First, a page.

Sunday, November 28, 2010

Going and Coming: Eleven Days in 1941

Shanghai, China: November 28, 1941

Sixty-nine years ago today, members of the United States Marine Corps, Fourth Marine Regiment Band (with accompanying troops) left the International Settlement at Shanghai. This photo captures the moment. It was but ten days before the Japanese attack on Pearl Harbor and the entry of the United States into World War II.

Shanghai, China: 8 December 1941

Ten days later, on December 8, the Japanese occupied the International Settlement. In a Hollywood retelling, an English boy is lost in the confusion in a harrowing scene from my favorite Steven Spielberg film.

Note: Fourth Marine Regiment Band photo courtesy of China Marines website.

Wednesday, November 24, 2010

Short Cuts 9: The Mystery of Edwin Drood

The Mystery of Edwin Drood: the book

In 1870, Charles Dickens lay dead; The Mystery of Edwin Drood unfinished. The secret of Edwin Drood had died with Dickens. The incomplete book on Drood was published posthumously. And "the most intricate literary problem in the English language" required a solution.

So it came to pass that a divergent group of scholars set about pondering the puzzle of Dickens's last plot. And for 140 years thereafter, scholars have discussed the deviltry or devotion of John Jasper, the identity of Dick Datchery, and the fate of Edwin Drood.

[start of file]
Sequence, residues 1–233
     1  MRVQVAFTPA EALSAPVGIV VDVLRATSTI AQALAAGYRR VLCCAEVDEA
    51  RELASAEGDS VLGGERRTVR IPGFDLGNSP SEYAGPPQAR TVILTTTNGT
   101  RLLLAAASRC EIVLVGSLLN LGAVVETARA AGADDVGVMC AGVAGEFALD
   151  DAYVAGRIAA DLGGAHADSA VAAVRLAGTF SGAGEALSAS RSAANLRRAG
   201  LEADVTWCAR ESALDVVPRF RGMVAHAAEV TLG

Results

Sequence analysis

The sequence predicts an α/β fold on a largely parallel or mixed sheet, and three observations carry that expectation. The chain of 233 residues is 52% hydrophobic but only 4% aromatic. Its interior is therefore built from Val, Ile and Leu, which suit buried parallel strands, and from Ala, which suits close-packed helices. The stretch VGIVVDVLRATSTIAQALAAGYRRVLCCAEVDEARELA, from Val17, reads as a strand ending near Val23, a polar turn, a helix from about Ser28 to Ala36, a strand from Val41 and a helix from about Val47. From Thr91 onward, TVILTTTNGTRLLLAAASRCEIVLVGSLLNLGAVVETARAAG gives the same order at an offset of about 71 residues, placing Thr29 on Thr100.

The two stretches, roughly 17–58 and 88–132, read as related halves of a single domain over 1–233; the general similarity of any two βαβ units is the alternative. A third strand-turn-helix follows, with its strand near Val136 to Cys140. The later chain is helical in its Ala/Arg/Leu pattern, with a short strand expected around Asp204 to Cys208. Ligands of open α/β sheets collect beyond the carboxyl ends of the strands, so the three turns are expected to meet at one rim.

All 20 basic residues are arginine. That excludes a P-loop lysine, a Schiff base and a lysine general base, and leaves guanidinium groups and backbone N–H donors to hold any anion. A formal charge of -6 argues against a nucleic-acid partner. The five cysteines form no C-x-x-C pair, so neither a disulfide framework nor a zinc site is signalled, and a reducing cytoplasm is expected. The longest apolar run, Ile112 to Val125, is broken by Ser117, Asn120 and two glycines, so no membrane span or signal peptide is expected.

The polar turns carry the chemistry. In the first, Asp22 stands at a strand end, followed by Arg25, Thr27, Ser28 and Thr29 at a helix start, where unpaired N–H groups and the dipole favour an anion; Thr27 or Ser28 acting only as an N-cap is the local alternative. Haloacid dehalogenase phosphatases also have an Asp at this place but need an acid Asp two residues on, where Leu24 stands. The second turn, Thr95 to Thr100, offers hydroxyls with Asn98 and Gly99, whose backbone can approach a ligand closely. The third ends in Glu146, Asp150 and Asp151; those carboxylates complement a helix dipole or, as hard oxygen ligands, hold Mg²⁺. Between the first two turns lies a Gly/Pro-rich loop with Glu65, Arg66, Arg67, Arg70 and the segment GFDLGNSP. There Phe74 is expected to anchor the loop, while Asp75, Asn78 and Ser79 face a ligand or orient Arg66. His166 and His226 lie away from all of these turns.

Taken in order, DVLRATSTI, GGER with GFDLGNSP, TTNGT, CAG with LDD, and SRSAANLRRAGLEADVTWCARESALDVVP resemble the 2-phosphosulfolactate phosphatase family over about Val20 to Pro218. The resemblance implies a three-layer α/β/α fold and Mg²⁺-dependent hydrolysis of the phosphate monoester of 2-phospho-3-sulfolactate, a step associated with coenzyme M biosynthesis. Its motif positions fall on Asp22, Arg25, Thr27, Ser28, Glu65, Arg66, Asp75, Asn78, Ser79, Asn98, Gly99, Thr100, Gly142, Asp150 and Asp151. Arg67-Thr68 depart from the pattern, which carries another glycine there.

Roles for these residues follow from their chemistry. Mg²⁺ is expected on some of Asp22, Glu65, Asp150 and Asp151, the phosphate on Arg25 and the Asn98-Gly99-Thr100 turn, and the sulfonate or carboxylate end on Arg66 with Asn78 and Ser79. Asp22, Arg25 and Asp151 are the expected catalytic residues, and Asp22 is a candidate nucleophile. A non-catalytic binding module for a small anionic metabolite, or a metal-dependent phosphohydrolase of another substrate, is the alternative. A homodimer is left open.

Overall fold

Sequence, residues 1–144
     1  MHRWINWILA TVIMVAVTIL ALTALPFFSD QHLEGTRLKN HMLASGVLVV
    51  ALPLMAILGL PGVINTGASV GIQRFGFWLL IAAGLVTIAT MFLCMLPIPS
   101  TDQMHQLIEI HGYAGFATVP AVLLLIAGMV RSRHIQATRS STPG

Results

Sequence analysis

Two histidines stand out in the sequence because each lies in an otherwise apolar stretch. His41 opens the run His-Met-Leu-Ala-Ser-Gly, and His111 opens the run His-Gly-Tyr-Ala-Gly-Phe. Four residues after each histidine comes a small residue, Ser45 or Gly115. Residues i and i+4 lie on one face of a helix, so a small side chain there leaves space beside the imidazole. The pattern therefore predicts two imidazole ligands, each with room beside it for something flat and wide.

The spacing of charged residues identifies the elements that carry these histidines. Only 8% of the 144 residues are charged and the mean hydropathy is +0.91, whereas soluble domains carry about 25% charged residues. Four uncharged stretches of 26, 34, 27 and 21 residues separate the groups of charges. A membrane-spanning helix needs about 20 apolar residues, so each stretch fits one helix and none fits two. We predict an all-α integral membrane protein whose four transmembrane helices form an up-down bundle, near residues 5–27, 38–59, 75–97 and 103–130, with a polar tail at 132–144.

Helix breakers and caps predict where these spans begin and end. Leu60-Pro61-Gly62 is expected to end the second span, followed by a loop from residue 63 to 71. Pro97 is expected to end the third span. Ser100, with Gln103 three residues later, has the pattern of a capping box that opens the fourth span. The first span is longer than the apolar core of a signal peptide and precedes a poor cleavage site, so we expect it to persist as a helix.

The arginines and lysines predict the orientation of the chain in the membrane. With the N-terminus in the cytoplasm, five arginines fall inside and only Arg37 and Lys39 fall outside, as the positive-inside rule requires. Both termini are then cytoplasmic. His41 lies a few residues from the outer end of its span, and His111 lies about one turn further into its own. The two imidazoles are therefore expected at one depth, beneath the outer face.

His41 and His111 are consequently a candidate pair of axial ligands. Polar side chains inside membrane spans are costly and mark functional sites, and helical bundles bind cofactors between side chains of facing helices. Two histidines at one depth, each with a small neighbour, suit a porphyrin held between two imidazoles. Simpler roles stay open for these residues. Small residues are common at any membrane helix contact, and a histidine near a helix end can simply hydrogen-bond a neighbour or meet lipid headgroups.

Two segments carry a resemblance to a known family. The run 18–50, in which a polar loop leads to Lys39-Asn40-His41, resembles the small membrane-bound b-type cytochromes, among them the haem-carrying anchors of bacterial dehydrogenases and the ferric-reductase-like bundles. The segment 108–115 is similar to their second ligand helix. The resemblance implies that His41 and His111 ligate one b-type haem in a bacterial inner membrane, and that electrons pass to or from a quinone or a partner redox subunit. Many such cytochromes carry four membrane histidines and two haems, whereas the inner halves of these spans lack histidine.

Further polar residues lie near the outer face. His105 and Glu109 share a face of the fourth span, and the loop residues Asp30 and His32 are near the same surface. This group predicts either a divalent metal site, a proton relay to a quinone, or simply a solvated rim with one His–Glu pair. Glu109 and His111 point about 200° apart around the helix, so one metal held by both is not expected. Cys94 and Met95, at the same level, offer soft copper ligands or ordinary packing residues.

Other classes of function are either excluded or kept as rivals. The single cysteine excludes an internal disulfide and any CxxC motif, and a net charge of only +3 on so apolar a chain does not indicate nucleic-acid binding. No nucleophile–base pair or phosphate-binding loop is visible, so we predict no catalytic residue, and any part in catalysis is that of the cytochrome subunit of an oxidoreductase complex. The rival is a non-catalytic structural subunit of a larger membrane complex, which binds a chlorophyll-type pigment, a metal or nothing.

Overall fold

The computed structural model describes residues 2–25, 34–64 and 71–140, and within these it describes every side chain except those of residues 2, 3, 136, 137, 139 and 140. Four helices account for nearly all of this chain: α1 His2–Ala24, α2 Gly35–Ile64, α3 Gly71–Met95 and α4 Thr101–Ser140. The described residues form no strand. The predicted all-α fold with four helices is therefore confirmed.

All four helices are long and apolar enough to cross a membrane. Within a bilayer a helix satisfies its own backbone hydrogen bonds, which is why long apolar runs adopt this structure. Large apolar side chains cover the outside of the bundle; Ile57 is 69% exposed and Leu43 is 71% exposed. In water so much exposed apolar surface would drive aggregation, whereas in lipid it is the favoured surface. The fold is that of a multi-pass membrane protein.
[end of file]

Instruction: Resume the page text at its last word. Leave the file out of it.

If, as we were taught in our early Latin classes, “All Gaul is divided into three parts;” then all Charles Dickens likely divides more-so. And within those divisions, that which relates to Drood is particularly susceptible to sub-sectioning. There are Dickensians, and among them Droodians or Droodists, or Drood-hunters, or as Chesterton was wont to call them: Druids. And within this sect there are Bazzardites, Landlessites and Tartarites, among others; the latter a minor sect we're told.

Those scholars were a boon to the Dickens fellowship, to the publishing industry, and to book collectors who extended a branch of the Dickensian tree to one of rather lengthy proportion. And so went this literary game for some sixty years until the Great Depression, when scholarly concentration on the criminous occurrence in the shadow of the cathedral appeared to ebb.